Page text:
“What does pussy mean anyway?” my daughter and goddaughter asked as my best friend and I were making the trip to the Women’s March on Washington DC. We’d just left a rest stop, where the predawn crowd of about a hundred women -- many in pink pussyhats -- clapped as our eleven-year-old girls arrived with their tee shirts proclaiming “This is What a Feminist Looks Like” and “Grrrl Power.”
My friend and I looked at each other and nodded. “Pussy is a slang word for our pudenda,” I started. “And sometimes it’s said in a demeaning and disrespectful way, calling someone weak if it’s said in reference to a man, or objectifying girls or women.”
The girls were incensed. My daughter then started talking about the Trump/ Billy Bush tape. "He was saying that he can grab women by the pussy . . ."
"Because he is a celebrity and can get away with it," my friend added.
"So the message we got from him is that he thinks it’s okay to treat women like objects and to assault them,” I finished. "That's why we're reclaiming the word as something more powerful."
That launched us into a discussion about consent. “After he said that, there was a lot of outrage and memes on the internet saying Pussy Bites Back or Power to the Pussy, and then when Trump was elected and the march started being planned, people were knitting pink hats with little ears and calling them pussyhats.”
They already knew about “the wall”, the threat of deportations and a Muslim registry, the movement to take away reproductive freedom, plans to defund Planned Parenthood, and destroy Obamacare. They know about racism and racial profiling. They don’t think that gay marriage should be a big deal because duh, people should be able to love who they love.
“That’s just bullying!” Smart girls. They know about bullying.
The organized bus for which we’d signed up had mysteriously cancelled in the middle of the night, so we got in a car and forged ahead with no idea how to navigate Washington, DC. Our girls had taken to this spirit, declaring we were “spontaneous warrior moms.” Driving those five hours to the march, it felt like we finally had the opportunity to speak up for not only ourselves, but for everyone who had taken insults and scapegoating throughout the past year by our new president.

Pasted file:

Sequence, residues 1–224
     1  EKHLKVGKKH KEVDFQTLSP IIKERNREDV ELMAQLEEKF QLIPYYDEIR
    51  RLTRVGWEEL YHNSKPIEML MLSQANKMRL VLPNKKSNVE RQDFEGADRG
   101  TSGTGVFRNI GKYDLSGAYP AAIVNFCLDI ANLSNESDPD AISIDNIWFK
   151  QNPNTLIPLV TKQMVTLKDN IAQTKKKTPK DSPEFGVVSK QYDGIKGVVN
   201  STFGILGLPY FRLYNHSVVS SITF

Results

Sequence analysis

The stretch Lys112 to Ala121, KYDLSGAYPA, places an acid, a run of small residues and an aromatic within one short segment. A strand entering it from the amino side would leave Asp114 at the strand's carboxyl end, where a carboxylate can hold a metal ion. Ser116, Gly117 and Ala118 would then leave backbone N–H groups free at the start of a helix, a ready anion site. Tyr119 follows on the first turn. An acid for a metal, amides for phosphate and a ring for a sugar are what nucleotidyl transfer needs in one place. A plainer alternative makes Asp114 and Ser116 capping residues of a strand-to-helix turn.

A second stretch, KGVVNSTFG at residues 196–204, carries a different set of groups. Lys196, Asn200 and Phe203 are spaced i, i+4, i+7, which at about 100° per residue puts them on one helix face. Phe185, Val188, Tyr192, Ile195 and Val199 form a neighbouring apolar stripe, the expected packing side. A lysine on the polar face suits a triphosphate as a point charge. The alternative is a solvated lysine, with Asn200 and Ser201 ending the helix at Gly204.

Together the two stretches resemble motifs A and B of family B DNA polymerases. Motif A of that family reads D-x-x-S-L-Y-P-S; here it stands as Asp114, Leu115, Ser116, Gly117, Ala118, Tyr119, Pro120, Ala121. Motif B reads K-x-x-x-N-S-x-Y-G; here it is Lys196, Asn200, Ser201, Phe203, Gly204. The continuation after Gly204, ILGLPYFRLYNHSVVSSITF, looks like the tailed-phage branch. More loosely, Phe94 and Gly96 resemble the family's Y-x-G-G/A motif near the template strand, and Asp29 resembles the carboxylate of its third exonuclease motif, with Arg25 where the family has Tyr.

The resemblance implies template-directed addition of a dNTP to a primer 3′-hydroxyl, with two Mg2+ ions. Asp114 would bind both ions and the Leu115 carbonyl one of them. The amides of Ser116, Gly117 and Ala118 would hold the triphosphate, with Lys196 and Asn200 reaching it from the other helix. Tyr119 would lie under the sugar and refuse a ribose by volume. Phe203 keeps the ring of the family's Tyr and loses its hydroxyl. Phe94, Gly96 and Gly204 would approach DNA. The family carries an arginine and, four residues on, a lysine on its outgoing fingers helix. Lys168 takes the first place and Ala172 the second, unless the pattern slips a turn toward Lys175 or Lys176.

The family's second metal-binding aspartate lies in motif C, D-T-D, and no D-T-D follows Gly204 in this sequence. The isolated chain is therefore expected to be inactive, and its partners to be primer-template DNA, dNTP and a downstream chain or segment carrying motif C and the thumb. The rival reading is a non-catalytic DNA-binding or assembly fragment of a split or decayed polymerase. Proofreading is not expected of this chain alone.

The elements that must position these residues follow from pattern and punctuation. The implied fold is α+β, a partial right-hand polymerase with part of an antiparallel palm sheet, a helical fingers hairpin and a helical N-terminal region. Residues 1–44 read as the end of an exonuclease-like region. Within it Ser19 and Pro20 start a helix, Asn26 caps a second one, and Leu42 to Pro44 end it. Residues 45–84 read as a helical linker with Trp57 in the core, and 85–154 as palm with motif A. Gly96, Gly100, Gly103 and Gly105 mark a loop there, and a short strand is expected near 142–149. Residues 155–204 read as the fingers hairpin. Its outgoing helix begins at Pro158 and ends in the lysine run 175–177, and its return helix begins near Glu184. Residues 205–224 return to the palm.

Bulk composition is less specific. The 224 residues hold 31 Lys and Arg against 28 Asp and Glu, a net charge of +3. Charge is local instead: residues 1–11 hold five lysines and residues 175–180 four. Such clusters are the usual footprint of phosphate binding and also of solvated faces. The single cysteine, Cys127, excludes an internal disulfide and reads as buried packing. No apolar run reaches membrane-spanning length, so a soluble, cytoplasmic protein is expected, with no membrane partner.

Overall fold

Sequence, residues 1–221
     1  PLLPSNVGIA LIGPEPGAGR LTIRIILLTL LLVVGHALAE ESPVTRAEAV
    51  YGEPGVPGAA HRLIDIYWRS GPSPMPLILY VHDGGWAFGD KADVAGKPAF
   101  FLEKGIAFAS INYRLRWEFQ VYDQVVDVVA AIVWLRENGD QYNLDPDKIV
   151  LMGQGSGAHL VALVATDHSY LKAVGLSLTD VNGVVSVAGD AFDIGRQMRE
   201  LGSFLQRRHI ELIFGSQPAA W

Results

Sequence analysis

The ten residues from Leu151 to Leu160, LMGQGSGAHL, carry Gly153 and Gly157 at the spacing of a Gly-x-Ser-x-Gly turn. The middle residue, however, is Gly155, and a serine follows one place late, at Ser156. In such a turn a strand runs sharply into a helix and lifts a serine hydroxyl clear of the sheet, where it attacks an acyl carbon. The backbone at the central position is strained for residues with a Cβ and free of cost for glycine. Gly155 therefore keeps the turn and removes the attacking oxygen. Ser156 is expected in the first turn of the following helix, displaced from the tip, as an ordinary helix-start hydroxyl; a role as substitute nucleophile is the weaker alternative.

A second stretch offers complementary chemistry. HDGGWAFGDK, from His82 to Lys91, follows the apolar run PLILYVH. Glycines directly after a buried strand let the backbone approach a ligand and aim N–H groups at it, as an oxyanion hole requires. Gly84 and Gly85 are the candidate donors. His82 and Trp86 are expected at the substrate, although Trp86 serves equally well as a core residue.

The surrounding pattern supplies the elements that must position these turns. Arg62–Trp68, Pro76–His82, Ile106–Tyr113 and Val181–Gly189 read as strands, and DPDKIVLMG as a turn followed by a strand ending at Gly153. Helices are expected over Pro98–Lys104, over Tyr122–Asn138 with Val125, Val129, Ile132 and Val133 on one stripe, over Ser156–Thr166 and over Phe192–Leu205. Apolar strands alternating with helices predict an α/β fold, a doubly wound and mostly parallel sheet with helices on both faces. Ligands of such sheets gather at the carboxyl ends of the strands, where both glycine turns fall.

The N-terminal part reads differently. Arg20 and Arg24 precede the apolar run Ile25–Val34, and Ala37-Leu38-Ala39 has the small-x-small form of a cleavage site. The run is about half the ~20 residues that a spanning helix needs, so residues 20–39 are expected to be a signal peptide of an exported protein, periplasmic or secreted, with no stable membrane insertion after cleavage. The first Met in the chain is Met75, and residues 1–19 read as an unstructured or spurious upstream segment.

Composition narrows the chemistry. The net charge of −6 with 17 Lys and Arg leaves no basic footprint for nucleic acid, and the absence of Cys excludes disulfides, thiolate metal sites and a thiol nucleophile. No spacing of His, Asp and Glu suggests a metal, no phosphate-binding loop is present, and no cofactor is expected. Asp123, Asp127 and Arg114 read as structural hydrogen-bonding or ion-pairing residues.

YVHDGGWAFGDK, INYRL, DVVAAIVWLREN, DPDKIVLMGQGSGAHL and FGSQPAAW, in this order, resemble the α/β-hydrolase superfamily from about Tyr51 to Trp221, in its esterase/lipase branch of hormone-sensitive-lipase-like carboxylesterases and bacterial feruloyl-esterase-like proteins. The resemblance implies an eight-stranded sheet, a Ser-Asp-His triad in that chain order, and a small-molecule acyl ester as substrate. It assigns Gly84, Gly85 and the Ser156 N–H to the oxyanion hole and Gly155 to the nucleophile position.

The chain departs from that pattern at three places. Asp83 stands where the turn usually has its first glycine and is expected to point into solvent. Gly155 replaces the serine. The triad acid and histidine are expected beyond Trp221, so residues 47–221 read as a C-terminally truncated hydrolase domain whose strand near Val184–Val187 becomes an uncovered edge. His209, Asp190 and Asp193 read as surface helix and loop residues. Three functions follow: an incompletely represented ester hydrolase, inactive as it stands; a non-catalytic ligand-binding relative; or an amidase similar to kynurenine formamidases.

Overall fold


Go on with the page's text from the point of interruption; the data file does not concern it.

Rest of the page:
We somehow found parking at 11am at Union Station, and immediately joined the community of pink pussyhats flowing to the National Mall. We were so enthralled with the loveliness of the immense crowds -- every age, every color -- that it didn’t matter we couldn’t get anywhere near enough to the stage to hear the speakers. The mood everywhere was one of friendship and family, of true nationhood. We met a big burly bearded man sporting a pink pussyhat and holding a sign with the same slogan as my daughter's tee shirt. John Kerry himself strolled past us, walking his family dog.
As the crowd swelled, word spread that our community was too large for an organized march. Everyone decided otherwise, and this community the size of a midwestern city began marching towards the White House, spilling in from all different directions. We chanted “This is what democracy looks like” and meant it and felt it. We joined the chorus of "Black Lives Matter" and tears came to our eyes when our daughters chanted "My Body, My Choice" with other young women, while the adults and men responded, "Her body, her choice." There was no violence, no bad behavior. Everybody was united and peaceful, and through that we were powerful.
My friend and I plus our daughters made it as close as two blocks away from the White House when the crowd began filtering back. So we slipped away to a less crowded street, and slowly made our way to Union Station, full of hope. I’d never experienced anything like it. Yet, I believe this is just the beginning. If we continue to be vigilant, if we stick together as a community, that hope we all felt will remain. I see from this experience that we all need to do more than we did in this past election. We have to be active, interested, and fully awake.
And we’ll have to start knitting more pussyhats.